Few people appear to have given adequate thought to the circumstances which narrowly limit the problem of providing pensions for the aged poor. The payment of such pensions clearly has no tendency to increase the number of persons who pass the age of seventy. Old-age poverty is too remote from the calculations of youths and maidens to have any effect on marriage or birth rates. At most, assuring to old people bare maintenance after they pass a certain age can affect their number only by extending somewhat the length of life. No one can be so inhumane as to urge this as an objection to the policy.
But provision of old-age pensions may tend to increase the number of aged poor, that is, may discourage thrift on the part of the wage-earning masses. This thought leads many intelligent people, who appreciate the desirability of collective provision for old age, to favor the system of compulsory insurance, while opposing strenuously gratuitous old-age pensions. In my opinion, the idea that compulsory insurance against such a remote contingency as old age fosters thrift is illusory. As already suggested, providence and forethought are not developed through compulsion; are, in fact, almost inconsistent with compulsion. On the other hand, old age is only one and not a very important one, of the contingencies that put a high premium, as society is now organized, on a saving disposition. It is desirable to save and acquire property to get on in the world, to give children a better start than their parents enjoyed, to be assured more than bare necessaries as old age comes on, etc. These, the strongest motives leading to saving, are unaffected by the guarantee of a small annuity out of the public treasury after a certain age has been reached, especially if one condition to securing the annuity is that the applicant should not have received poor relief up to the time when the application is made. The smallness of the pension in all the countries having old-age pension laws (the maximum being only $2.50 a week in Australia and New Zealand) and insistence that during the years immediately preceding application for a pension the candidate should have lived a respectable and self-supporting existence, makes any discouragement of thrift in consequence of the policy quite improbable.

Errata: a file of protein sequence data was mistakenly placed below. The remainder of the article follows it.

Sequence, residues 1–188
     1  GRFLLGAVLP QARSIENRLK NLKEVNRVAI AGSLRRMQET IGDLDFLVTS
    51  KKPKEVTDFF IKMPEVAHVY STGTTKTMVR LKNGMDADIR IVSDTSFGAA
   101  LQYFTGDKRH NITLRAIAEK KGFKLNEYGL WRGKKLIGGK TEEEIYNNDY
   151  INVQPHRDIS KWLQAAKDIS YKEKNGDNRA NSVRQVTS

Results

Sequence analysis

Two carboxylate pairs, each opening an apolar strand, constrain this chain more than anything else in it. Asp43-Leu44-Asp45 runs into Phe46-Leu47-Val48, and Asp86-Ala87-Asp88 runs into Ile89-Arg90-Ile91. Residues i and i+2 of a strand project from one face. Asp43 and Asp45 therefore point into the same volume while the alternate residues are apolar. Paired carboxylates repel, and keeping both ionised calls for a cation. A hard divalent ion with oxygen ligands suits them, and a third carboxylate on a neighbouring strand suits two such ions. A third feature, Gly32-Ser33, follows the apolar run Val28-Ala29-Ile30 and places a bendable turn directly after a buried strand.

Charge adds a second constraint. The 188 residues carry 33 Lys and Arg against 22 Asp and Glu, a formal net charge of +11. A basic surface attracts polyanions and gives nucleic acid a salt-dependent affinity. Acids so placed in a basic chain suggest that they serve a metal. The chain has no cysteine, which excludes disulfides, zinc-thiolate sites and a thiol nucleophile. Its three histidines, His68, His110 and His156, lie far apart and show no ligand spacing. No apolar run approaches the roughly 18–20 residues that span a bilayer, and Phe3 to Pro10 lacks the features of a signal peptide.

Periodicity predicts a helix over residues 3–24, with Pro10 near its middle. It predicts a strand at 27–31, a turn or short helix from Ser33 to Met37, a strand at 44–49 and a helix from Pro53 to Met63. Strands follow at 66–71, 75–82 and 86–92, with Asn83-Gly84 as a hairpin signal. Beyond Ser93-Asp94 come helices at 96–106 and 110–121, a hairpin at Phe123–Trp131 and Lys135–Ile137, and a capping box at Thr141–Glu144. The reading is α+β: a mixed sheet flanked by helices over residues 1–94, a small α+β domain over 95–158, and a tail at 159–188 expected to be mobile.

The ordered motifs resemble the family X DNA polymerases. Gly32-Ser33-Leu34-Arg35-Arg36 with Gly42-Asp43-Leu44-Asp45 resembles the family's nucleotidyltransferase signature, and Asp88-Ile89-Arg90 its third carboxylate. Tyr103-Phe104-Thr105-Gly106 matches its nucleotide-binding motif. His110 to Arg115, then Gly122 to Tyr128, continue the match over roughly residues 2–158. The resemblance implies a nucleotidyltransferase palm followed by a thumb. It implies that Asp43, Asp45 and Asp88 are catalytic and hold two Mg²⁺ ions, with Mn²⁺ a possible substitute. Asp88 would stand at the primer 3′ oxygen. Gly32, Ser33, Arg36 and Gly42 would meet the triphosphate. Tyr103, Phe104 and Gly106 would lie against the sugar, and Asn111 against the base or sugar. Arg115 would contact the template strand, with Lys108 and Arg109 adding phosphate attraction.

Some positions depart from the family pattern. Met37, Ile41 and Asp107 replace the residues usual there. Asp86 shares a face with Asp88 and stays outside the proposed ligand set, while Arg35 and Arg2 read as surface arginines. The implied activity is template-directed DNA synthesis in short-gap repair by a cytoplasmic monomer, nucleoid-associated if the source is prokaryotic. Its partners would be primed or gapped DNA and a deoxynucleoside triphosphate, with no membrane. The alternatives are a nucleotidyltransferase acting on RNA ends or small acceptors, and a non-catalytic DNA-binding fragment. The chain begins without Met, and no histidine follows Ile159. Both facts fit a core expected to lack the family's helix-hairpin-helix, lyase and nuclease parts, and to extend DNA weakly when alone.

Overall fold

It is no doubt a deplorable fact that in the United Kingdom more than half of the persons who have passed the age of seventy should be entitled to pensions under the by no means excessively liberal provisions of the law, but this fact was not the result of the pension policy; the large amount of old-age poverty which it reflects was rather the cause of the pension policy. It was because statistics showed that one-fifth of the population from seventy to seventy-five, one fourth of that from seventy-five to eighty, and quite one-third of that over eighty, was actually dependent on pauper relief that a more humane way of caring for the aged poor was introduced. In my opinion, there is quite as much reason for anticipating that the new policy will encourage thrift as for the contrary view. The guarantee of five shillings a week may encourage persons of advancing years, who before had nothing to look forward to but the workhouse, to make some savings to supplement this very small income. There is some truth in the view that people will make sacrifices for tea and tobacco that they will not make for bread and meat. Moreover, whatever the fact as regards saving for old age, there can be no doubt that the new policy will add to the incomes of families who feel the care of parents and grandparents a serious, even though not unwelcome, burden. The better provision for children that may result from this enlargement of family incomes should have a favorable effect on the rising generation. Finally, this and every other change which makes for confidence and certainty on the part of wage earners should tend to encourage prudence and forethought and to discourage recklessness and indifference.